TAFE Queensland officially launched its Queensland-first electric vehicle (EV) training program mid-November, with more than 100 automotive industry representatives attending an event held at TAFE Queensland Acacia Ridge to learn about the future of EV training.
TAFE Queensland is the first and only training organisation in the state to allow apprentices to choose four nationally recognised EV skill units as part of their apprenticeship training plan at no additional cost to their employer. The initiative is part of TAFE Queensland’s commitment to servicing the demands of industries it serves and providing the state with the tradespeople it needs for the future. It makes up part of TAFE Queensland’s “training lifecycle” plan for the future of the automotive industry. The lifecycle allows for training of past, current, and future apprentices in the essential skills needed to safely work on electric vehicles by offering units in training clusters to already qualified mechanics in addition to inclusion in all automotive apprenticeships as optional electives.
TAFE Queensland’s commitment to offering these elective units to apprentices in all corners of the state sets them apart and embodies their commitment to delivering what local industries need when they need it.
The launch event held recently included tours of the world-class facilities at TAFE Queensland’s flagship trade training facility at Acacia Ridge, Brisbane, and a panel Q&A session with representatives of each sector of the automotive industry. Attendees were treated to robust discussion regarding the current and future state of the local and global automotive industries and how TAFE Queensland will lead the charge for skilling Queensland’s workforce in EV mechanics.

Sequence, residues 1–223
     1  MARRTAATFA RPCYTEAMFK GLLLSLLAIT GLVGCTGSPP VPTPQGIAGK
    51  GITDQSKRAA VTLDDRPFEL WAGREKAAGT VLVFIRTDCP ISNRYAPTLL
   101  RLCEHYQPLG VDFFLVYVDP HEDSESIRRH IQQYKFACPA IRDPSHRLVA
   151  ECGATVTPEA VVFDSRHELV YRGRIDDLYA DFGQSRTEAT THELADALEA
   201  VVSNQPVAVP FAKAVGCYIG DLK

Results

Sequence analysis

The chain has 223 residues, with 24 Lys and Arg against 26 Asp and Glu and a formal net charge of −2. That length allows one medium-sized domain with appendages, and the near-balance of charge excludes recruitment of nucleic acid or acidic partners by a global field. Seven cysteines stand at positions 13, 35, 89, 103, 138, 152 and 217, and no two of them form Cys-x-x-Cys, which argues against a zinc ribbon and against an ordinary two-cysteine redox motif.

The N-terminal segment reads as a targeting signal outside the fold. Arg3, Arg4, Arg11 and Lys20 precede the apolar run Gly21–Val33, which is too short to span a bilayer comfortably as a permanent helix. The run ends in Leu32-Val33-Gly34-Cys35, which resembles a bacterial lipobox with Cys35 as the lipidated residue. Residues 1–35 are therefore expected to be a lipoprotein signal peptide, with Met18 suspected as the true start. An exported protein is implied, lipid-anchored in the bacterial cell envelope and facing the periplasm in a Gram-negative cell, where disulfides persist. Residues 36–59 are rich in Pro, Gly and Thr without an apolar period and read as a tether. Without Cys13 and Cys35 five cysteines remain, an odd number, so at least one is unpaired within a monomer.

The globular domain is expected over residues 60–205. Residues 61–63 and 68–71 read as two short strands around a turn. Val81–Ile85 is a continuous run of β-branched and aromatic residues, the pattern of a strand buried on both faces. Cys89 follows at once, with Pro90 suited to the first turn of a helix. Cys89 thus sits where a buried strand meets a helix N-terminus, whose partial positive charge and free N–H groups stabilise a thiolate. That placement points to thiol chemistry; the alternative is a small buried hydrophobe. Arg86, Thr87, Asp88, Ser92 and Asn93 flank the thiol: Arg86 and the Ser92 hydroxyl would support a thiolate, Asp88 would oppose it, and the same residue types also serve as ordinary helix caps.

Panel members on the day included:
- David Jenkinson, Business Manager of Heavy Automotive Training at TAFE Queensland Acacia Ridge
- Todd Hacking, CEO of Heavy Vehicle Industry Australia
- David Cooper, Manager of Technical Operations (Northern Region), Toyota Australia
- Wayne Schoenauer, Testing & Commissioning Engineer for Brisbane Metro Vehicles, HESS e-Mobility
- Shawn O’Sullivan, Business Manager of Light Automotive Training at TAFE Queensland Acacia Ridge
HVIA Chief Executive Todd Hacking told attendees that the heavy vehicle industry is fully invested in the transition to low and zero-emissions heavy vehicles. “HVIA’s role is to remove obstacles to their uptake,” Mr Hacking said.
“HVIA members and training stakeholders are currently working to progress action on zero-emission vehicle skills and training priorities.”
David Cooper, Toyota Australia Manager of Technical Operations (Northern Region), was a panel member and updated Toyota’s position on EVs:
“At Toyota we have a 21 year pedigree in Hybrid vehicles, selling over 250,000 within Australia, with more than more than half of those have sold in the last 2 years. We are now moving into PHEV and EV in our Lexus range and BEV in Toyota next year with Beyond Zero BZ4X in 2023,” said Mr Cooper.
“Servicing is evolving, there will be less changing of oil, and more checking that computers have the latest files. The tyres, brakes and suspension all need normal regular checks,” said Mr Cooper.
“For safety our technicians connect to external networks, or for security Technicians have to reprogram, authenticating with Toyota Japan servers. Which is sometimes easier for our younger Technicians. As our fleet of vehicles ages, it is fair to say more high voltage diagnosis and repairs will be required.
“We need to change the way the Automotive trade is seen, to be one that people with math and sciences are interested in wanting to aspire to, using Multi Meters competently before moving to EV diagnosis with Mega and Milli Ohm Meters.”
As Australians buy more and more EVs, they can be assured that trained and well qualified technicians will be on hand to assist should they need it. QTAFE will provide the electric vehicle training.
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Source: Clean Technica